10. Vona, Gábor (2009-05-18). Vona Gábor Balassagyarmaton (Gábor Vona in Balassagyarmat). YouTube @ 5:11. “Hungarian: Ugye nagyon nehéz nekünk elmondani a saját programunkat. Abban a nem megtisztelhető helyzetben vagyunk, hogy az ember megkapcsolja a Tévét és Kolompár Orbán meg Horn Gábor beszél a Jobbik programjáról. Nem Morvai Krisztina, nem én, vagy nem valamelyik másik politikusunk. / English: Of course it is very difficult for us to explain our own programme. We are in an unfortunate predicament, where one switches on the television and Orbán Kolompár (Gypsi activist) or Gábor Horn (SZDSZ politician) are talking about the Jobbik programme. Not Krisztina Morvai, not myself, nor any other politician of ours.”
  11. Vona, Gábor (2009-06-12). Vona Gábor az Estében (Gábor Vona on Tonight). YouTube (Hungarian).
  12. Balogh, Eva (2009-06-07). European parliamentary elections: Hungary. Hungarian Spectrum. Archived from the original on 2012-07-08.
  13. Results of the 2009 European elections: Hungary. [] (English) (2009-07-08).
  14. Morvai, Krisztina (2009-07-15). Jobbik MEPs first speeches to the European Parliament. YouTube @ 1:32.
  15. Human Rights Violations in Hungary. YouTube (2009-07-13).
  16. Gábor Vona’s arrest. YouTube (2009-07-04).
  17. Foreign nationalists speak, national media silent (2009-10-25).
  18. Radical Change: for national self-determination and social justice (PDF). Retrieved on 2010-06-18.
  19. Heltai-Hopp, András (2009-06-05), Big players fight domestic battle in EP election, The Budapest Times, 
  20. EP elections - Hungary elections committee finds radical Jobbik's slogan unconstitutional, The Budapest Times, 2009-06-04,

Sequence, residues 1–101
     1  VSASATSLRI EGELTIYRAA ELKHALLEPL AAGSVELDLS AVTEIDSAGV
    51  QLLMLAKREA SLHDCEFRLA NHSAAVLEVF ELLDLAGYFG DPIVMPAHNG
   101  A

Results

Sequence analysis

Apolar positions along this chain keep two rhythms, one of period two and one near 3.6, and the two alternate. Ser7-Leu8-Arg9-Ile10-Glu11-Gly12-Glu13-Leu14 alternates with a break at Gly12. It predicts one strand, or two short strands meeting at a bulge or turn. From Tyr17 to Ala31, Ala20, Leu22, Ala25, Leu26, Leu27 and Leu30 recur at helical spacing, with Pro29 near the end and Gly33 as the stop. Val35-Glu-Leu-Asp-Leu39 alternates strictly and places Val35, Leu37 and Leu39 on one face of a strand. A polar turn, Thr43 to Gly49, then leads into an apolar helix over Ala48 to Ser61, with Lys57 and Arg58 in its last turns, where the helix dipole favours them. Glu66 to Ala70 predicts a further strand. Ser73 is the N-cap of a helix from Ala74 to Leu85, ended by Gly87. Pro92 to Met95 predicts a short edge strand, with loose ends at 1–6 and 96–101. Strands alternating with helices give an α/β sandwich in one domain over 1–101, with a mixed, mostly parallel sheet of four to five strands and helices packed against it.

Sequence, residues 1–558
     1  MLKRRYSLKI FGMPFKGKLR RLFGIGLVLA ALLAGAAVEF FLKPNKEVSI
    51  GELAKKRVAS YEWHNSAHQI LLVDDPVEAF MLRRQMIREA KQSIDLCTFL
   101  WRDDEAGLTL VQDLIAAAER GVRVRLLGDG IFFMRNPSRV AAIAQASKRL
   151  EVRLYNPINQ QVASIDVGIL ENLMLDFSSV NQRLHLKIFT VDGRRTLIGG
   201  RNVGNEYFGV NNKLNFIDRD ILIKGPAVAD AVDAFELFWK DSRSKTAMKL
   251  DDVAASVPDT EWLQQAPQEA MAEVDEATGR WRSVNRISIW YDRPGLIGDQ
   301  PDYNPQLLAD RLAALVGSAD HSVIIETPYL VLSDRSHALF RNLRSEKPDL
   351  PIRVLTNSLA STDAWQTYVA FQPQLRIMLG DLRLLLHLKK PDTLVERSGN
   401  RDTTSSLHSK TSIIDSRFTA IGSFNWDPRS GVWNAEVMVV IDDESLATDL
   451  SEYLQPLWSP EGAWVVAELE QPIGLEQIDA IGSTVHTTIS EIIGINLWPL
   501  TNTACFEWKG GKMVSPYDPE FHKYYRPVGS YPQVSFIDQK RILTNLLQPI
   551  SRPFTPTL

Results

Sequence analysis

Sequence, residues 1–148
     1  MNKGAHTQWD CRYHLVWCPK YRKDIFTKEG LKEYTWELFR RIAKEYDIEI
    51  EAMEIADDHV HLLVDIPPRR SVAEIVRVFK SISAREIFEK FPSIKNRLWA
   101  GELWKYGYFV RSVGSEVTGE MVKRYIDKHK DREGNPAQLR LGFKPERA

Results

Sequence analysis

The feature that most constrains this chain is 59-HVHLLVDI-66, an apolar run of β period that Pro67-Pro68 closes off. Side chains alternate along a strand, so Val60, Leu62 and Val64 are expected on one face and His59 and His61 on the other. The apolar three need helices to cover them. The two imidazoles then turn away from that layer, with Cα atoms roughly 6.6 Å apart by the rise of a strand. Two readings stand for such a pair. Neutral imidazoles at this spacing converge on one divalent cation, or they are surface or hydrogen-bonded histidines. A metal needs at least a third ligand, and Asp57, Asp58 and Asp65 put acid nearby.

21. Morvai, Krisztina (2009-06-09), Quotation taken from Budapest Sun article, via blog (the Budapest Sun subsequently closed down), Maria Golubeva`s blog,, "The political and economic elite have placed the whole country in foreign hands. We have, therefore, a particular justification for emphasising that “Hungary belongs to the Hungarians”. We want to get back our national assets, which have been sold abroad and privatised, and want to prevent further national assets from getting into private and/or foreign hands." 
  22. The Movement for a Better Hungary - VONA: What do we mean by radicalism?. Jobbik (2009-11-28). Retrieved on 2010-06-18.
  23. Leigh Phillips (2010-04-19). EUobserver / A far-right for the Facebook generation: The rise and rise of Jobbik. Retrieved on 2010-06-18.
  24. Betz, Hans-Georg (1994). Radical Right-Wing Populism in Western Europe (The New Politics of Resentment). Palgrave MacMillan, 4. ISBN 0312083904. “the majority of radical right-wing populist parties are radical in their rejection of the established socio-cultural and socio-political system” 
  25. Albertazzi, Daniele (2007). Radical Twenty-First Century Populism: The Spectre of Western European Democracy. Palgrave MacMillan. ISBN 023001349X. 
  26. Vona, Gábor (2008-07-21), Vona Gábor: Hazánk két valósága (Gábor Vona: The two differing realities of our homeland), (Hungarian), 
  27. Horvath, John, [Expression error: Missing operand for > "Far Right Rising in Hungary"], Telepolis 
  28. McConkey, Jamie (2009-04-09), Jobbik: Hungary’s far right on the EU, Slovakia and elections,,